The Financial Reporting Council (FRC) has announced it will delay the release of a further exposure draft amending FRS 102 to reflect major changes in IFRS, in a move that is likely to garner a mixed reaction from the accounting community.
The FRC is currently undertaking the first triennial review of FRS 102 The Financial Reporting Standard applicable in the UK and Republic of Ireland, details of which were announced in the FRED 67 draft amendments to FRS 102 Triennial Review 2017 – Incremental improvements and clarifications.
The comment period on FRED 67 closed on 30 June 2017 and if the proposals are finalised as drafted in FRED 67, they will be effective for accounting periods starting on or after 1 January 2019. The key changes noted in FRED 67 are as follows:
- Simplifications in the accounting for loans to a small company from a director-shareholder, or close family member of that person.
- Removal of some undue cost or effort exemptions.
- Introduction of a description of a basic financial instrument.
- Recognition of fewer intangible assets in a business combination.
- Amending the definition of ‘financial institution’.
- Allowing investment property in a group to be measured under historic cost principles.
In September 2016, the FRC issued a consultation document asking for views on whether FRS 102 should be kept up to date with developments in IFRS – especially where significant changes are made to IFRS: for example, IFRS 9 Financial Instruments, IFRS 15 Revenue from Contracts with Customers, IFRS 16 Leases and IFRS 17 Insurance Contracts.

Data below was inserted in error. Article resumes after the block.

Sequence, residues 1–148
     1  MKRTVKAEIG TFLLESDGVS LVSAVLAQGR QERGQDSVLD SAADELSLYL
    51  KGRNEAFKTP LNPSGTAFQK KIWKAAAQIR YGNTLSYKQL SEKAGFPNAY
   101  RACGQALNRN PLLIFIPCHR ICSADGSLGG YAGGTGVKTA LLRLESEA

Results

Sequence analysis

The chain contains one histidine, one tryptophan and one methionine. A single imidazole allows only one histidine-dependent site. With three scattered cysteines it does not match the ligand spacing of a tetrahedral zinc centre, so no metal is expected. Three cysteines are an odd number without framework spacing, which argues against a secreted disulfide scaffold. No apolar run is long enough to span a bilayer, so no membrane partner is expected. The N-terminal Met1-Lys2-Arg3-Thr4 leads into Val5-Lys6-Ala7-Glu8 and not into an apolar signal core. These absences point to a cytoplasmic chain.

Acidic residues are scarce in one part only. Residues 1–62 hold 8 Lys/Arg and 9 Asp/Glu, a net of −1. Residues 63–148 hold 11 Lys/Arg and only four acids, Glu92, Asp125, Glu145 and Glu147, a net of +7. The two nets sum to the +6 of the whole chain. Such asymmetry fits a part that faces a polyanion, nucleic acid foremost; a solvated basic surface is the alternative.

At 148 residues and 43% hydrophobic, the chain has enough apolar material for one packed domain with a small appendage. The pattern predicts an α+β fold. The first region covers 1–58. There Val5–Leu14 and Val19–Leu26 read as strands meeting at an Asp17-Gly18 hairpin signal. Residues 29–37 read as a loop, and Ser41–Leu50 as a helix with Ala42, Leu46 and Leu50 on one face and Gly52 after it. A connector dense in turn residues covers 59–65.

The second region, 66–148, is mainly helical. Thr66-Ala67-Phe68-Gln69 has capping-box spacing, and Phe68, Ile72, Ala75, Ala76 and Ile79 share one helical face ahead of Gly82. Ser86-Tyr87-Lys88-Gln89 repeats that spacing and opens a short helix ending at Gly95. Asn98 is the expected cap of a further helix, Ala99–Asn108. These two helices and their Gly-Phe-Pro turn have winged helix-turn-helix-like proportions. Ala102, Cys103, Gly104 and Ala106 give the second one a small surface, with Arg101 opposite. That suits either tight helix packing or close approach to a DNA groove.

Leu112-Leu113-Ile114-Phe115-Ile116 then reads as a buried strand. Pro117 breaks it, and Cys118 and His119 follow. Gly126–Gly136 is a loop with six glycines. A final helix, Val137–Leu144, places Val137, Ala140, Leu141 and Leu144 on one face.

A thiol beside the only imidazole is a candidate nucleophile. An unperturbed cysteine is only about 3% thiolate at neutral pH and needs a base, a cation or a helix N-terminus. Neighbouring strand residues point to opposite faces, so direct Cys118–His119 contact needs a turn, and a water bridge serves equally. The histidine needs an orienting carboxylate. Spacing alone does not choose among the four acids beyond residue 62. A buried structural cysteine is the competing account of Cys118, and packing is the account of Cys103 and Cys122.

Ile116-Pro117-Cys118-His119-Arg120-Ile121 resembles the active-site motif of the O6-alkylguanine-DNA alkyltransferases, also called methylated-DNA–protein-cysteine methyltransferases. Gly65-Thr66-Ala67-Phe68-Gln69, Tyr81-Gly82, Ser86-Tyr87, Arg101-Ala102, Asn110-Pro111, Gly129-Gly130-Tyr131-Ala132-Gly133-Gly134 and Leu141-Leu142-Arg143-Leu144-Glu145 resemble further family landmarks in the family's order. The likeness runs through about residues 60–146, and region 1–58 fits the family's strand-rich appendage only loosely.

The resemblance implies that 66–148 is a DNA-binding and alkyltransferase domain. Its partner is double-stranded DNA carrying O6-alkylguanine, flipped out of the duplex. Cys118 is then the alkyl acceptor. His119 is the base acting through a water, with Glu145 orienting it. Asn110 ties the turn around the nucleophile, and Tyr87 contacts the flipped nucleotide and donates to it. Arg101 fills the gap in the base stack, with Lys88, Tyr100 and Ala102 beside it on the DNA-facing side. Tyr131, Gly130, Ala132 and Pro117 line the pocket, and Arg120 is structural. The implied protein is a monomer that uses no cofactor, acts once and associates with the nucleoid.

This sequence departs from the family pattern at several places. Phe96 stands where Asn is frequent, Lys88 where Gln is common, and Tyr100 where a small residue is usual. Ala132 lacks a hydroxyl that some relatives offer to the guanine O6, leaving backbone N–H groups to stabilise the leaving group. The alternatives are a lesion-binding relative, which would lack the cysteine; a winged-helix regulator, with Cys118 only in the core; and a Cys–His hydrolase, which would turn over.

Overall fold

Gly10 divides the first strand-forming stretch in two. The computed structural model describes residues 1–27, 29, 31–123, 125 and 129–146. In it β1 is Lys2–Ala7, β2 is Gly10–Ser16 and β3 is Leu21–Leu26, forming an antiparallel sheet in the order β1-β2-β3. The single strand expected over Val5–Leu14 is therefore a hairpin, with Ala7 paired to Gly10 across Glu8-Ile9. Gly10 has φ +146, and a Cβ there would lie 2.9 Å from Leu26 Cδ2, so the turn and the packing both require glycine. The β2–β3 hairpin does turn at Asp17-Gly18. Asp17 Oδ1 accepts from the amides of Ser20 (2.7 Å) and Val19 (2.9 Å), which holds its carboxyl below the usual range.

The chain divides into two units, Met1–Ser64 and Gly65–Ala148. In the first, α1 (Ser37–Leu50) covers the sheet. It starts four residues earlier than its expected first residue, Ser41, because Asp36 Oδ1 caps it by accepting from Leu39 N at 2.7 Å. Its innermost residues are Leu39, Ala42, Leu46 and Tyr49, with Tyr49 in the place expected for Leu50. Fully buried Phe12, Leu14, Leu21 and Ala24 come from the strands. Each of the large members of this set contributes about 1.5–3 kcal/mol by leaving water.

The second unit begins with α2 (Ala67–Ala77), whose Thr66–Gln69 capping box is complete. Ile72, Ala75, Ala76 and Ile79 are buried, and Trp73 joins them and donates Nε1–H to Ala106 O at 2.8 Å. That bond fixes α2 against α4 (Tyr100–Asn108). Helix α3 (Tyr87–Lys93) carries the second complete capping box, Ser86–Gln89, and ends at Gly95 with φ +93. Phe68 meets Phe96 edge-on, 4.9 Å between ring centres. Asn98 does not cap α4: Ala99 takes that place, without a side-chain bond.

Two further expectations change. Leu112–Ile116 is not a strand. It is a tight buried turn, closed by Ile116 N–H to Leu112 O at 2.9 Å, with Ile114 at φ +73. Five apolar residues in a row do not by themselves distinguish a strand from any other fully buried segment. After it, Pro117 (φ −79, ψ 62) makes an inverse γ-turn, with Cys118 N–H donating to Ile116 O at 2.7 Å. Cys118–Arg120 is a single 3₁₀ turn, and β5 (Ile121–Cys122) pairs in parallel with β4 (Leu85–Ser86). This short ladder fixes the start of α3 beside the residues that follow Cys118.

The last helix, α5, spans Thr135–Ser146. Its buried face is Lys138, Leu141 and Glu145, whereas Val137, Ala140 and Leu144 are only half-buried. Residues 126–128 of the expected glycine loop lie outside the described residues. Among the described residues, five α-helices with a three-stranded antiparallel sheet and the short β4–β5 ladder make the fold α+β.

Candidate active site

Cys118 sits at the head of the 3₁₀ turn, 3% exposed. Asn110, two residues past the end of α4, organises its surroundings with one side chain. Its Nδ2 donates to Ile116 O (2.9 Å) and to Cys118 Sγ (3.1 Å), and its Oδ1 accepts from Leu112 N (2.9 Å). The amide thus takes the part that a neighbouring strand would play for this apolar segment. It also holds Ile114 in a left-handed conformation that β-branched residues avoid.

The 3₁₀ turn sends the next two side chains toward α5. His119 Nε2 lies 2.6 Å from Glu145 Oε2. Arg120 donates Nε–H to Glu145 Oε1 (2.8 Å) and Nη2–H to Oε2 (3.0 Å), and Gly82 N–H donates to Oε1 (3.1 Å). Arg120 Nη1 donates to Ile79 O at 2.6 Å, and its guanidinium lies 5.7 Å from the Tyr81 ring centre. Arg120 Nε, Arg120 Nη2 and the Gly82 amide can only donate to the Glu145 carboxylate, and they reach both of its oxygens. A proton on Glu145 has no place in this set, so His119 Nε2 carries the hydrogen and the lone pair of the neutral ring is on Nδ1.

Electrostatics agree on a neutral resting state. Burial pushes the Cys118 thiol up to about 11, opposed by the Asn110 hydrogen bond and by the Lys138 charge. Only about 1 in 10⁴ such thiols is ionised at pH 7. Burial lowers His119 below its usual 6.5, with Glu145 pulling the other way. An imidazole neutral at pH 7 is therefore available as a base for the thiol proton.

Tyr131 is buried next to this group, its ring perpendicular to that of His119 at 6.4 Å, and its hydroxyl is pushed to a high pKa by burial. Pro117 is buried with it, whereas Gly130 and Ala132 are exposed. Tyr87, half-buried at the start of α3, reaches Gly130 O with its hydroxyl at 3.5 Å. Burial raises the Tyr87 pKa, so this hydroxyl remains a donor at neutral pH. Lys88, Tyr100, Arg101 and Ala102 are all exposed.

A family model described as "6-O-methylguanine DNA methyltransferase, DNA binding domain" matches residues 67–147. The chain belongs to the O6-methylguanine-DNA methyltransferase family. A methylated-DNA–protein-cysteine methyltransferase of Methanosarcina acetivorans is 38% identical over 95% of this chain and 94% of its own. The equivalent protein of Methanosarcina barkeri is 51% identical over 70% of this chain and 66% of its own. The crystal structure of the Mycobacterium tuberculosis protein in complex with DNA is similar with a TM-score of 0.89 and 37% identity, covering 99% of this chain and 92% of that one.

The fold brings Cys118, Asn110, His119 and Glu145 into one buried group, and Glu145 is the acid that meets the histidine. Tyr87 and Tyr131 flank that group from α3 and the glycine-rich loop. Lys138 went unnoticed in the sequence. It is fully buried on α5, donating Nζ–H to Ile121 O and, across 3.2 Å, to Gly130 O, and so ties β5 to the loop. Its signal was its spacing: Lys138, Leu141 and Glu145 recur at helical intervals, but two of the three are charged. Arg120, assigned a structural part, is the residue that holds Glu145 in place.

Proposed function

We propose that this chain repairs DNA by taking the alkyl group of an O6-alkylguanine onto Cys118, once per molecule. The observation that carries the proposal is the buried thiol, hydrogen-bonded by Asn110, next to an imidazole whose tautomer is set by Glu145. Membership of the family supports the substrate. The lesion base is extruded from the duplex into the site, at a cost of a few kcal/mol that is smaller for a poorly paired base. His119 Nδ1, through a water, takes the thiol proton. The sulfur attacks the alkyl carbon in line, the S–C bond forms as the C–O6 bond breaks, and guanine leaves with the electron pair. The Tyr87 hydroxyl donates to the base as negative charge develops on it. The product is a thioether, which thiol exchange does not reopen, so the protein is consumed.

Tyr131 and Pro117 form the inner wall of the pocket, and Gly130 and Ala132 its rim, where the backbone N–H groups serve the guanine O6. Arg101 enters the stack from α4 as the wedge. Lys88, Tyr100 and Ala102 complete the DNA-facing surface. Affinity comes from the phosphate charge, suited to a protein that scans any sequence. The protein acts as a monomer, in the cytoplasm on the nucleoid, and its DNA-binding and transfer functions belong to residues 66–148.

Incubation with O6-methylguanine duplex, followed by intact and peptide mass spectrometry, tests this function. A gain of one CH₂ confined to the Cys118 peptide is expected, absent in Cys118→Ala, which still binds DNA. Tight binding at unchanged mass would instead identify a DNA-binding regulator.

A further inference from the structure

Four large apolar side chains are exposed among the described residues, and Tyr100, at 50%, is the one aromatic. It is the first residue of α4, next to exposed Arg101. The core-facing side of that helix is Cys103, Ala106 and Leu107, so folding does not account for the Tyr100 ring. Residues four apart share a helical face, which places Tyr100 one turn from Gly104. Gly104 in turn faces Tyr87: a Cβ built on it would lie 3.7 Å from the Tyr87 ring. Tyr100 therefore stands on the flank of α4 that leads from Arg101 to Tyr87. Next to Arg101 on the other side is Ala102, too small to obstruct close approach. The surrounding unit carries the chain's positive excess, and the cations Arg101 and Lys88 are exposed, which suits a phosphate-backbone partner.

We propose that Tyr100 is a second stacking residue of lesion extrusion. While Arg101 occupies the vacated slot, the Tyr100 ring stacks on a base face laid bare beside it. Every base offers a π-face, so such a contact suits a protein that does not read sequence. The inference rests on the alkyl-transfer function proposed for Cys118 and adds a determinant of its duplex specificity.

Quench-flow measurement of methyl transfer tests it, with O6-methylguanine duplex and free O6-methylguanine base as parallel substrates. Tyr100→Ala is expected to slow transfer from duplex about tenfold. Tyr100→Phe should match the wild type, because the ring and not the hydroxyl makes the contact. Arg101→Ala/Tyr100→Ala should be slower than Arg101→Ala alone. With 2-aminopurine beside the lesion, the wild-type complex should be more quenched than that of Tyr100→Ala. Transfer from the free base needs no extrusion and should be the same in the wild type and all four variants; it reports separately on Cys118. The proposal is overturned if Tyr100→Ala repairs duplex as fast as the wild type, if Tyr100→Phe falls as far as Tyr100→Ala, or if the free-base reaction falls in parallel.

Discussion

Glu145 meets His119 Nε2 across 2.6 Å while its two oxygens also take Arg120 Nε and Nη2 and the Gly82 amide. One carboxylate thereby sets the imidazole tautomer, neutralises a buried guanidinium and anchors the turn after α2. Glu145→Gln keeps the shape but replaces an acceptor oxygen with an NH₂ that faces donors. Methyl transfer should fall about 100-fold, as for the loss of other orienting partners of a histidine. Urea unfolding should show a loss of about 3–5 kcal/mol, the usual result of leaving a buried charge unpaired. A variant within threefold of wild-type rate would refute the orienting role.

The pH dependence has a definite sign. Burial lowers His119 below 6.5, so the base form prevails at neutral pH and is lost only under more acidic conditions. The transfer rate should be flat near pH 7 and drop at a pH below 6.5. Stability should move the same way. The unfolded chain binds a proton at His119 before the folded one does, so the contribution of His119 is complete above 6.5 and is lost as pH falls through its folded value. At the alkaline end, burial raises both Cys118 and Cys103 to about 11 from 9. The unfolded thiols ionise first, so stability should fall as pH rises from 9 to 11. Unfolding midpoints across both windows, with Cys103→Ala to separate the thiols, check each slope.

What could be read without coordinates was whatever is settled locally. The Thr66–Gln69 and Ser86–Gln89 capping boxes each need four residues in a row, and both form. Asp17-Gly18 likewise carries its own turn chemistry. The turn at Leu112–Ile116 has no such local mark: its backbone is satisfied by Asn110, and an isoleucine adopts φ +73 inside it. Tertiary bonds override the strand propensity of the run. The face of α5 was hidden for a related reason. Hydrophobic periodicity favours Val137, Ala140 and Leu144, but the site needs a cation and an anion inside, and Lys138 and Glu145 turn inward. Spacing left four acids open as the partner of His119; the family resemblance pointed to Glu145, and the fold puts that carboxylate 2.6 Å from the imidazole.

Originally, the FRC intended to issue a further exposure draft towards the end of 2017 outlining proposals to align FRS 102 to reflect major changes in IFRS, such as aligning the lease accounting provisions in FRS 102 to those of IFRS 16.
The feedback received by the FRC showed support for consistency with IFRS, but in the longer-term. Respondents also questioned the proposed timetable, which would have seen major changes such as implementation of an incurred credit loss model and lease accounting potentially becoming effective for periods starting on or after 1 January 2022.
The FRC has taken on board feedback received from respondents to the consultation document that suggested further evidence-gathering and analysis needs to be undertaken before any proposed changes are made to FRS 102, especially where major changes are concerned in respect of the expected credit loss model for financial instruments and lease accounting.
As a consequence, the FRC has confirmed it will not be issuing a phase two exposure draft later in 2017 as originally planned.
IFRS 17 Insurance Contracts was issued by the IASB after a very drawn-out process, and the FRC has stated in FRS 103 Insurance Contracts that it intends to review FRS 103 at a suitable time. This review will be carried out once more IFRS implementation experience is received.
The FRC’s decision to defer a phase two exposure draft will be welcome news for many in the accountancy profession, particularly where lease accounting is concerned. The changes to lease accounting in IFRS 16 are major and effectively result in the vast majority of operating leases appearing on a lessee’s balance sheet rather than the lease rentals simply being charged to profit or loss.
Unsurprisingly, some reporting entities that will be required to apply IFRS 16 are unhappy about the prospect of having to recognise additional lease assets and liabilities on their balance sheets, and implementation of IFRS 16 is going to cause a considerable amount of difficulty for some entities.
The FRC has not provided any target dates of when it plans to issue an exposure draft proposing changes to FRS 102 to reflect the provisions of new IFRSs/amendments to IFRSs, but has said that any detailed proposals will be consulted on in due course.
The FRC will monitor implementation experience where the new IFRSs are concerned to identify if, and how, FRS 102 should be amended to reflect the revised accounting requirements.
About Steven Collings
Steve Collings, FMAAT FCCA is the audit and technical partner at Leavitt Walmsley Associates Ltd where Steve trained and qualified.